At the 15th Edition of the Din l-Art Ħelwa Awards for Architectural Heritage, the Malta Society of Arts (MSA), in collaboration with the Department of Conservation and Built Heritage of the University of Malta, won the highest prize in Category B, which honours the best Rehabilitation and Re-use projects, for the conservation of Palazzo de La Salle’s Chapel. The jury commented that it’s an “extremely accomplished project […] an outstanding contribution to Maltese cultural heritage and the achievement of architectural excellence in Malta.”

This top Prix d’honneur was presented by Minister for Tourism and Consumer Protection Hon. Clayton Bartolo during a ceremony held on Friday 26 February at Our Lady of Victory Church in Valletta. The voluntary organisation Din l-Art Ħelwa, which strives to safeguard the historic, artistic and natural heritage of Malta through its relentless work, organises these awards to encourage excellence in re-generation, rehabilitation, re-use, restoration and conservation projects throughout the Maltese islands.

Din l-Art Ħelwa commented that this award given to the MSA and the Department of Conservation and Built Heritage of the Faculty of the Built Environment at the University of Malta is extremely important as the Chapel houses some of the few early oil-on-stone paintings to survive from the Knights’ period and in a domestic context. Maria Grazia Cassar, who chaired the jury for the Awards, explains that “the rehabilitation of this chapel includes the display of the MSA’s small, but important collection of sacred art. The synergy between the artworks by some of Malta’s finest artists from the previous century, and the chapel’s 17th-century envelope is awe-inspiring, to say the least, and is particularly enhanced by their arrangement, and the specialist lighting which was installed.”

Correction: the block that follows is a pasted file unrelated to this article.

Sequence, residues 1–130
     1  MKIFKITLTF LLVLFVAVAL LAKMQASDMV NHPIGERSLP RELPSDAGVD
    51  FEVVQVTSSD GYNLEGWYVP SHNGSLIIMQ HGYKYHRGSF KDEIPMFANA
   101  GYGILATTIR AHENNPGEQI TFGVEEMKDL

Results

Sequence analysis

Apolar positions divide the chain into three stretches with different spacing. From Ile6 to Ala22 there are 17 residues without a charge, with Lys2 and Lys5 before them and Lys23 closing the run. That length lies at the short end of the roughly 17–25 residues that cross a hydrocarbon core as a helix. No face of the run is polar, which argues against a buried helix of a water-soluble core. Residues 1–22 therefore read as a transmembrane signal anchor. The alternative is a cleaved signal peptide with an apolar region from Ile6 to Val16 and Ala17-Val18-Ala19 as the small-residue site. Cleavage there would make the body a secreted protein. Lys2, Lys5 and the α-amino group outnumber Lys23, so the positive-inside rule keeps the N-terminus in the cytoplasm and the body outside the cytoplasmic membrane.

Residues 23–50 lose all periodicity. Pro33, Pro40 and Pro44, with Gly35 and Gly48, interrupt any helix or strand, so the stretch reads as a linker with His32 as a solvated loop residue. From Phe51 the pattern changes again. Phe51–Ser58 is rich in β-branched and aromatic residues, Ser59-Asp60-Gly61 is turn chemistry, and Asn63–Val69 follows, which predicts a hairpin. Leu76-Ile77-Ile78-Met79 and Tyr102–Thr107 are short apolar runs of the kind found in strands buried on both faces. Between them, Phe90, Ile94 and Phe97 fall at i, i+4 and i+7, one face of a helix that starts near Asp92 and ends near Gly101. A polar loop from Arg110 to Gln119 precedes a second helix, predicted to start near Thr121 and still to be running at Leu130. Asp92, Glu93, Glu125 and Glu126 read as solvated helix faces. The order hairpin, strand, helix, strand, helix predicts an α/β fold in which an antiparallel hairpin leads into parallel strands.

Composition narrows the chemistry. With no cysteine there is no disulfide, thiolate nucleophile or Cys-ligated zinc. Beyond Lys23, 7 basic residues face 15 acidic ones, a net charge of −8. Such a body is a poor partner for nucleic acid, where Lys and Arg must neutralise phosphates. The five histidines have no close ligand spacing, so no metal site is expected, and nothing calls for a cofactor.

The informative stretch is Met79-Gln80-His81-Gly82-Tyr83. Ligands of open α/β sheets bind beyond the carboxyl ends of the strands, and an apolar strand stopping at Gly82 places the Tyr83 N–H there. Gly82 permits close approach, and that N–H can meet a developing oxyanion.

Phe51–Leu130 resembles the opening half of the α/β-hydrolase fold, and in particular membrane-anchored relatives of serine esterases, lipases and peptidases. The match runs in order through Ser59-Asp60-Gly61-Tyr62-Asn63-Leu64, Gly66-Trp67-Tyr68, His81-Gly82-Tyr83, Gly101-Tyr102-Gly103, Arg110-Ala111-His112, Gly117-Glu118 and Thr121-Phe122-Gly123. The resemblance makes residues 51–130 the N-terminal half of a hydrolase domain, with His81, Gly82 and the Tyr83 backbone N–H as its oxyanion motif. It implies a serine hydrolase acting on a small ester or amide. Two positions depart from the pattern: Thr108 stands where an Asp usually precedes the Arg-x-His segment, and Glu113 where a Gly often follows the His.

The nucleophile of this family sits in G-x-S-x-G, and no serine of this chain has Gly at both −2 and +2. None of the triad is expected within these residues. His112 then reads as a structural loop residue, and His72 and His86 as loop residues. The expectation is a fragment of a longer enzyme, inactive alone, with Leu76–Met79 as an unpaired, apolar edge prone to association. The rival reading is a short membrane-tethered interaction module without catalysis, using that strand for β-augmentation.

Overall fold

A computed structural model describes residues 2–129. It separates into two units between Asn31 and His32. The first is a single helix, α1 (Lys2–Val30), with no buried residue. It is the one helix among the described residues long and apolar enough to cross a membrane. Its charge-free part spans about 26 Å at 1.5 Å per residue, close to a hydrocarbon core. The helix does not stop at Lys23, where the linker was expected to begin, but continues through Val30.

The Chapel at Palazzo de La Salle in Valletta, which has been the seat of the MSA for almost one hundred years, is one of the earliest and finest examples of chapels situated in a private residence in Valletta. Through this project, the paintings in the Chapel can now be dated to the mid-17th and early 18th centuries. Their aesthetic and historic values have not been compromised by excessive restoration. Collaborative work undertaken between the MSA, the University of Malta and other Maltese heritage institutions has further strengthened our understanding of the significance of the paintings and the history of the Palace as a whole.

The Chapel, which had been closed since the early 20th century, is now open to the public and entrance is free of charge. On top of the wall paintings, visitors can also enjoy the most exclusive elements of the MSA’s collection of religious works of art, including works by Cremona, Inglott, Bonnici, Alden and Sciortino.

MSA President Arch. Adrian Mamo, who drove the Chapel’s transformation, described the Award as a great honour. “The MSA and the Department of Conservation and Built Environment worked intensely for around two years on the conservation of these wall paintings, so we feel incredibly honoured to be recognised for this important project which required perseverance and determination from all sides,” he says.

Profs. JoAnn Cassar, Head of the Department of Conservation and Built Heritage, thanked Din l-Art Ħelwa for the award, but also the dedicated team who conducted the conservation meticulously.

The Chapel and the artworks contained within it can be visited during the Malta Society of Arts’ opening hours: Monday to Friday 8am to 7pm, and Saturdays 9am to 1:30pm. Entrance is free. For more details please visit or